Of those remaining, the unseeded duo of Jack Sock and Steve Johnson are probably the most surprising given their limited experience together and the fact that Sock came into this Olympics with a case of walking pneumonia. The Americans play the No. 5 Romanians, Horia Tecau and Florin Mergea.

Pospisil and Nestor, seeded No. 7, will play No. 6 seeds Nadal and Lopez, lifelong friends who don’t play together often but usually post impressive results when they do.

Nadal and Lopez have looked pretty happy to be reunited in Rio so far. (Photo by Clive Brunskill/Getty Images)
Nadal and Lopez have looked pretty happy to be reunited in Rio so far. (Photo by Clive Brunskill/Getty Images)

Again, the opponents will feature a player who played a singles match earlier in the day, as Nadal – who was out with a wrist injury for several months before making his return here – plays Gilles Simon of France in the third round of singles.

Playing Simon on a vast, slow court isn’t likely to be a quick process, regardless of result. Nadal also is scheduled to play his first round of mixed doubles with Garbiñe Muguruza after the men’s doubles.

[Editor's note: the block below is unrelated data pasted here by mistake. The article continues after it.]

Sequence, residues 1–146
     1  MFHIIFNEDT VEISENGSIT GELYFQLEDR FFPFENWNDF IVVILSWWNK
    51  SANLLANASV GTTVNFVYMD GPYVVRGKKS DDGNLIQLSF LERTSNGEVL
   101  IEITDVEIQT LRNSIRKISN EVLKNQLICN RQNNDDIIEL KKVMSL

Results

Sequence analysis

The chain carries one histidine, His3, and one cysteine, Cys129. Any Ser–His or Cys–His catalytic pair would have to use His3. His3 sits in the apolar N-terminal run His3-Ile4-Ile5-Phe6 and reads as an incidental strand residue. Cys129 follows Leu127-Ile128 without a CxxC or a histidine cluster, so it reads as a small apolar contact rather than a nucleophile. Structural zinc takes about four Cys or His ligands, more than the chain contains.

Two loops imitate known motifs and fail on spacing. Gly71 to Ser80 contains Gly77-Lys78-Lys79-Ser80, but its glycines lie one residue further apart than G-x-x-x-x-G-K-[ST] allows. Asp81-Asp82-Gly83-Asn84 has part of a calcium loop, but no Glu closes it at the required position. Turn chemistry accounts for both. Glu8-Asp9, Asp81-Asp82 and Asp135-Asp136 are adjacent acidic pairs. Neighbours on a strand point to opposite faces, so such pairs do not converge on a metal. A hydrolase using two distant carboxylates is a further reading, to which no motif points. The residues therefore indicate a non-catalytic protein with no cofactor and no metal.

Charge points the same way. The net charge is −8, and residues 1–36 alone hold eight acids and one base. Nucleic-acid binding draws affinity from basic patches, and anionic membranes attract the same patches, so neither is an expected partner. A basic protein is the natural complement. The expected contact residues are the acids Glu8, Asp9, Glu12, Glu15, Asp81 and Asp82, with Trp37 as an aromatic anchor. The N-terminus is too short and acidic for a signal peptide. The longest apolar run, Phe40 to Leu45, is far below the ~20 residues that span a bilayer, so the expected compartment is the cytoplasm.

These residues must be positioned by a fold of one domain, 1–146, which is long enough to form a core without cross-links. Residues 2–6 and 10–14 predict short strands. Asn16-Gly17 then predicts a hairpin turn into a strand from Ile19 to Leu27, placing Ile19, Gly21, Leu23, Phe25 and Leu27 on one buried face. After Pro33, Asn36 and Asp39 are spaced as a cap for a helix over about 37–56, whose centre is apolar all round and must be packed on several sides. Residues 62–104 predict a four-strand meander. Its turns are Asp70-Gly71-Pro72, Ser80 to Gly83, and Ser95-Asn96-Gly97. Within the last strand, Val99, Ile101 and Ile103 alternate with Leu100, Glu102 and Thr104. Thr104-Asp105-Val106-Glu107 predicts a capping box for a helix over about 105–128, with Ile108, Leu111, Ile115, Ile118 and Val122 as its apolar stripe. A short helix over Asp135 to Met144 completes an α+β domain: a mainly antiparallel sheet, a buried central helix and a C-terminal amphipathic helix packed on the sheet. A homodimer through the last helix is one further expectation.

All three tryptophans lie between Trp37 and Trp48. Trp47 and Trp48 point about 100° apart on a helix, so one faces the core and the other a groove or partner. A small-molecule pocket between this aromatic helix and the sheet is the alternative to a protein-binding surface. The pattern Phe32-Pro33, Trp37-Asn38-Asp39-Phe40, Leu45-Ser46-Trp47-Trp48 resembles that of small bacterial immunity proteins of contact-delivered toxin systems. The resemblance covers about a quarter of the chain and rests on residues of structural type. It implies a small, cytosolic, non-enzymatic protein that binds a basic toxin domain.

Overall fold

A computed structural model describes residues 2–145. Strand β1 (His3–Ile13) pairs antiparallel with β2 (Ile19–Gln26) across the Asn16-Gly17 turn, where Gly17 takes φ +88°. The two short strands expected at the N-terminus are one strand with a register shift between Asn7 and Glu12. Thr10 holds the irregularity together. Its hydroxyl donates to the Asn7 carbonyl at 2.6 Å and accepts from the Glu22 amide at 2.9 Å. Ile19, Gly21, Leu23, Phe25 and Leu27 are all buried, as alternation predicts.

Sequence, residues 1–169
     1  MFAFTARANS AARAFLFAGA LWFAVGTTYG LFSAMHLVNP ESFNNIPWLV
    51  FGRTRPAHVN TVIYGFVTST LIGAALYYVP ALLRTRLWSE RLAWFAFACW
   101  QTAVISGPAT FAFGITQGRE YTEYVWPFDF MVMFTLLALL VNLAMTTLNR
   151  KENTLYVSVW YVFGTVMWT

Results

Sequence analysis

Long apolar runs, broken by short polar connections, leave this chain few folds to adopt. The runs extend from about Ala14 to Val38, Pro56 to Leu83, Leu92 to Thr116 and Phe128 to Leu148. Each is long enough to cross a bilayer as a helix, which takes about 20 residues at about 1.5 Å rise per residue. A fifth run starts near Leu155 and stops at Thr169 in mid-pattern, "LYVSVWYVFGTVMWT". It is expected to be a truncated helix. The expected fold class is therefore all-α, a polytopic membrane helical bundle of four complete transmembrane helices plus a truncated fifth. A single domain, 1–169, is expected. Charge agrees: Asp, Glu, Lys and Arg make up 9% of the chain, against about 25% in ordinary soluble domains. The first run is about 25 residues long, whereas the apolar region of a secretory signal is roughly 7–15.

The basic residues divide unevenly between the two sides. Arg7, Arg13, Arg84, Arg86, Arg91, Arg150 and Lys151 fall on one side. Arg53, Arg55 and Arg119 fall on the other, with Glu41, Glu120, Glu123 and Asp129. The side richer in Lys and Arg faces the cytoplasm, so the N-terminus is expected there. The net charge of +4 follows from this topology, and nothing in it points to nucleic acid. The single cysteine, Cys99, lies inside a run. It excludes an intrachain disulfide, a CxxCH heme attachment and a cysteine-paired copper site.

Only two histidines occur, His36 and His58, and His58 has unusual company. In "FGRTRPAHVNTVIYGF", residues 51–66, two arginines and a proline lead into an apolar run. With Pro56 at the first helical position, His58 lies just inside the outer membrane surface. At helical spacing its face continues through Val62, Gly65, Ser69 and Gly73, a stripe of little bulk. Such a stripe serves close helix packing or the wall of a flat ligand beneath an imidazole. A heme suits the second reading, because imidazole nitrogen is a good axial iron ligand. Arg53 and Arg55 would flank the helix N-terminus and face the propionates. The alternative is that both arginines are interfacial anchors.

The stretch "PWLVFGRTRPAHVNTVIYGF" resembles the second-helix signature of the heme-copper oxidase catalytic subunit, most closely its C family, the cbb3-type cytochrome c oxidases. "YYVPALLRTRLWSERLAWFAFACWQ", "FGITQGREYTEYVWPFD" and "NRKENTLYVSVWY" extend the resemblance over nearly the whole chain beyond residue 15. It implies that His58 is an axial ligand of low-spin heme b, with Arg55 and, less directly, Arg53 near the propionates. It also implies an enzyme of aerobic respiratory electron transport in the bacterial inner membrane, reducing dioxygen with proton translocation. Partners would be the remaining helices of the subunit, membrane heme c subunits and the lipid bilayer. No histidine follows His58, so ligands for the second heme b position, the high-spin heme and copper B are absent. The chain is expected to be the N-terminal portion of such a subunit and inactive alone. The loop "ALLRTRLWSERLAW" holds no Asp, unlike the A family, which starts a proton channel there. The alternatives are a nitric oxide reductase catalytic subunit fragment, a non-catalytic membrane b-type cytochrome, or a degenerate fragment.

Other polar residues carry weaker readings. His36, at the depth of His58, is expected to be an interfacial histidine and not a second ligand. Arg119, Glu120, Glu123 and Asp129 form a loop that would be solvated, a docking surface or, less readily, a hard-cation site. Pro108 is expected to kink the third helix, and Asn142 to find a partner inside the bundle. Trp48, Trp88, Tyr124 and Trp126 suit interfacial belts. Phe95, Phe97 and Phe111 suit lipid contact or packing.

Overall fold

That match is likely to be postponed both because of the dodgy forecast as well as the notion of playing three matches in a day for one of the event’s few remaining marquee players.

“Obviously one is a French Open champ (in doubles) from this year, and the other a nine-time French Open singles champion. They’re going to play similar to our last two opponents but better, higher quality,” Nestor said. “I don’t think they want to get into big hitting. They want to feel comfortable, take their time and all that. Our game is to take that away from them, and go after them and not let them breathe,” Nestor said.

As for his partner, the 43-year-old doesn’t appear worried about the long-term future of the man he now calls “Silky”.

 “He wanted to come here and win a medal in doubles and get some confidence in singles. He’s still got some big tournaments ahead of him in Cincinnati and US Open,” Nestor said. “If he understands that he’s in the position he’s in and accepts it, and plays to his capabilities, he’ll be fine.”

“We’re a team right now, we’re playing really well together, and we’re excited about our form,” Pospisil said.